TAMPA – Somewhere between the time Alex Ovechkin smashed his stick against the crossbar of the Capitals' net and his postgame, post-shower meeting with reporters, he tried to channel the joy with which he started the Eastern Conference final.
Even Ovechkin's teammates had noticed how relieved and relaxed he seemed after finally advancing past the second round for the first time in his career. The Capitals and their captain were playing without any pressure for a change, and boy, were they dangerous that way.
Washington took a 2-0 series lead with two wins in Tampa, and the games weren't that close.
But perhaps the Capitals became victims of their own success. The way they improbably breezed past the Lightning in those first two games of the series made them sudden Stanley Cup favorites – the gambling website Bovada gave Washington 8-5 odds – and though the team returned to Chinatown with a comfortable cushion, needing to win just one home game to push Tampa Bay to the brink of elimination, the Capitals dropped both contests.
The series is now essentially a best-of-three duel, with two of those games in the Lightning's Amalie Arena, the first Saturday night, Game 5.
"If before the series you said it's going to be 2-2 after four games, both teams are going to be happy," center Evgeny Kuznetsov said.
He's right, but the order in which things happened, with the Capitals blowing the series lead in front of their fans, has revived the narratives about Washington and its playoff ineptitude. The pressure and spotlight are back on the Capitals for the first time in these playoffs since they fell into a 2-0 series deficit to the Blue Jackets in the first round.
Twenty-one teams have won the first two games of a best-of-seven conference final on the road. All 21 went on to win the series. Will the Capitals be No. 22? Or will they be the first to spit the bit in that situation?
So as Ovechkin walked into the locker room with a red towel around his waist and another one around his neck, he smiled and tried to push past the frustration of Game 4's 4-2 loss Thursday. The Capitals are still loose, still laid-back, the captain insisted.
"We're still going to have fun. We're still going to enjoy it, and we'll see what happens," Ovechkin said. "We're going to Tampa and play our game and try to get a victory and come back home."
Capitals Coach Barry Trotz reasoned that Washington has played well in three out of four games. After Tuesday's Game 3 loss, general manager Brian MacLellan was on his way down from the press box to the locker room when the elevator television showed an NBCSN analyst questioning the Capitals' fortitude.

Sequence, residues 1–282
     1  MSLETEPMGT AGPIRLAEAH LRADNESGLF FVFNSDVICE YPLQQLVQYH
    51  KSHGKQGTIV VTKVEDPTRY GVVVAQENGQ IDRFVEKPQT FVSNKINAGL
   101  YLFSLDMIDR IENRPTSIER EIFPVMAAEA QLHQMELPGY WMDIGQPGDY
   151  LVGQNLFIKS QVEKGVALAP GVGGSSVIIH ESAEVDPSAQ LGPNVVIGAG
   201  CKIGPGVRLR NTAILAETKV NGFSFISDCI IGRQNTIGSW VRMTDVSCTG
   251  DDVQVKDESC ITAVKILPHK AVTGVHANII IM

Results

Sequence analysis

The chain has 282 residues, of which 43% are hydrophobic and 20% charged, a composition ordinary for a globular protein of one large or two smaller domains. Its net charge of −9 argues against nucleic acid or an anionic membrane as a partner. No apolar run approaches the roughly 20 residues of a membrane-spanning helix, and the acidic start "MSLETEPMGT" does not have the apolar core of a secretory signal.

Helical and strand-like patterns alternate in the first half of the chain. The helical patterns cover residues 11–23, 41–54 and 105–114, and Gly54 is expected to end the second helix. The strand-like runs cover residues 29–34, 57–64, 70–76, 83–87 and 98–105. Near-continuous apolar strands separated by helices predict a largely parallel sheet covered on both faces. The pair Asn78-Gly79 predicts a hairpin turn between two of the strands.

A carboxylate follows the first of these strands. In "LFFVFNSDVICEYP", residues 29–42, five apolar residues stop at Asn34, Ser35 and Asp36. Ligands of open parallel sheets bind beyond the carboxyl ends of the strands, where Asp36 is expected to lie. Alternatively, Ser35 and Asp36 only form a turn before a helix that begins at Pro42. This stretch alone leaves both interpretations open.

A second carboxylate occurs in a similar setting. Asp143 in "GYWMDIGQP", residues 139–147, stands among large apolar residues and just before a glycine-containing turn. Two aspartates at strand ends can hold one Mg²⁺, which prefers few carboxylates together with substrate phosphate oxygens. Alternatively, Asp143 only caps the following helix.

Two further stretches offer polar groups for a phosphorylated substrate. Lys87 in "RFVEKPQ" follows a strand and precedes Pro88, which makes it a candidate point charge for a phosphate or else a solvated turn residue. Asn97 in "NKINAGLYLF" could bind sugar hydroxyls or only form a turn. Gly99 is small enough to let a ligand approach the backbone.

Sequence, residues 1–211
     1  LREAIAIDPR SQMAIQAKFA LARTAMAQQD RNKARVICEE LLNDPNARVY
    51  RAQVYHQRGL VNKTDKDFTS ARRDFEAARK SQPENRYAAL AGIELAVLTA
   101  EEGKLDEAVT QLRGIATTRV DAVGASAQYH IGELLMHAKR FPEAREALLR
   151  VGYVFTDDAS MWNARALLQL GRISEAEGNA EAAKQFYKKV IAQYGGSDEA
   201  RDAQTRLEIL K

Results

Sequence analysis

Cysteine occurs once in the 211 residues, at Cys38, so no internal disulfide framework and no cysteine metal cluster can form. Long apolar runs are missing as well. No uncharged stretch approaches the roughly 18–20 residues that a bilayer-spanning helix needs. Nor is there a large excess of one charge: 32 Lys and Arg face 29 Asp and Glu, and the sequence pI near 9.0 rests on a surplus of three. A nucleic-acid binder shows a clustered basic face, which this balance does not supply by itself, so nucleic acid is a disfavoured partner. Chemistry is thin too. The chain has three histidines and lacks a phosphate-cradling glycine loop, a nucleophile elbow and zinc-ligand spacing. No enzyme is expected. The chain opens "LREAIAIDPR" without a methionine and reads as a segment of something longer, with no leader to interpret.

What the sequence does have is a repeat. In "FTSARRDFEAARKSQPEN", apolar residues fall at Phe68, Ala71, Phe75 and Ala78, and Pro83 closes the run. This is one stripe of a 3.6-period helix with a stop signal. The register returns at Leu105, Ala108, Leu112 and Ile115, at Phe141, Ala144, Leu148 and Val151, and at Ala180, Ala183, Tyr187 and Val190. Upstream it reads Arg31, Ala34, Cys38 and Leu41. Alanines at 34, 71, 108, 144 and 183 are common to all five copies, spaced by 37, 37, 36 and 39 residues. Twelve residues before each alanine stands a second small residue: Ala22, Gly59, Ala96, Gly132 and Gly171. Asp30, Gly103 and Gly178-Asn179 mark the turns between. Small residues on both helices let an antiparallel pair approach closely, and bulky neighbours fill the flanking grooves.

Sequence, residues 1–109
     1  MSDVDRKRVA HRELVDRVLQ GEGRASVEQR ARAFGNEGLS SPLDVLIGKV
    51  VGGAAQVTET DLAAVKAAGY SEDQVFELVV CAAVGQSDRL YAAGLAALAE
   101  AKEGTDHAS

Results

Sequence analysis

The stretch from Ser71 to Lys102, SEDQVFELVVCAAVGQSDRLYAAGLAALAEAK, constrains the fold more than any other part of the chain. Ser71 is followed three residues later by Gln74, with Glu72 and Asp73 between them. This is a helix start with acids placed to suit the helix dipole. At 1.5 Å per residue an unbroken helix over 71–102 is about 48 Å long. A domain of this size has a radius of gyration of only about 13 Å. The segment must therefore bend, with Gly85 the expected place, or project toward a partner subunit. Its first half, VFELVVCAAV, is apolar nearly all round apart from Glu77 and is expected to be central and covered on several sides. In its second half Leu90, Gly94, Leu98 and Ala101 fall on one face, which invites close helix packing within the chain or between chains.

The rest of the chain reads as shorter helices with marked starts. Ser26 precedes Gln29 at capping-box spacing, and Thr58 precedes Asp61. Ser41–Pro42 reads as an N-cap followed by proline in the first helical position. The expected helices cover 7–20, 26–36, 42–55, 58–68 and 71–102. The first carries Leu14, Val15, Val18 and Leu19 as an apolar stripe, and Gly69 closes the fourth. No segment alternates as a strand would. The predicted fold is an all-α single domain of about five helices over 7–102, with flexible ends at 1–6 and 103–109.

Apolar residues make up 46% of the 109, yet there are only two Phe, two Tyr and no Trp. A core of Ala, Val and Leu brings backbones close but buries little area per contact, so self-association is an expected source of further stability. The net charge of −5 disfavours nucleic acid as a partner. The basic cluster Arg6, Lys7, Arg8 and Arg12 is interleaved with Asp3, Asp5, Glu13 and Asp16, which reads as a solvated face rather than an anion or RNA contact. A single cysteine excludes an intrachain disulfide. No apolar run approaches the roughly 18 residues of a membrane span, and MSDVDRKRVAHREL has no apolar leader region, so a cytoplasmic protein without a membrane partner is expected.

Two days later, Trotz raced through his pregame news conference, speaking with the pace of someone who'd perhaps enjoyed a few too many cups of coffee. He jokingly asked a reporter, "Do I look stressed? No, really? I'm not stressed."
Several Capitals players said that lower external expectations this year, the spotlight turned elsewhere for the first time in three seasons, were a reason the team was able to flourish. The doubt motivated them, and the lack of attention enabled them to be more self-critical as they worked through their early growing pains.
When this series started, Washington was a considerable underdog to the Lightning. Defenseman Brooks Orpik reasoned that after four games, nothing in that regard has changed.
"Everybody is probably betting against us to lose the series," Orpik said. "After winning the first two on the road, yeah, percentages are that you're going to win at least one at home. And it didn't happen, so this is where we're at, and you've just got to move forward."
Said center Lars Eller: "I know I had a good sleep (Thursday) night. There were a lot of smiles (Friday). It's still a good atmosphere."
Orpik said that with one day between each game, he doesn't believe in momentum in a series, so though Saturday's Game 5 is pivotal, it's still a fresh start.
The previous two times the Capitals won the first two games of a series on the road, they then lost the next four, two six-game series losses in 1996 and 2003. This team has shown it's able to play without the weight of franchise ghosts, and Saturday's game might be the biggest test of that yet.
"If you keep thinking about what happened in the past, maybe you get stuck in your head," center Nicklas Backstrom said. "It's a new day (Saturday) and a new game. We're all excited about that."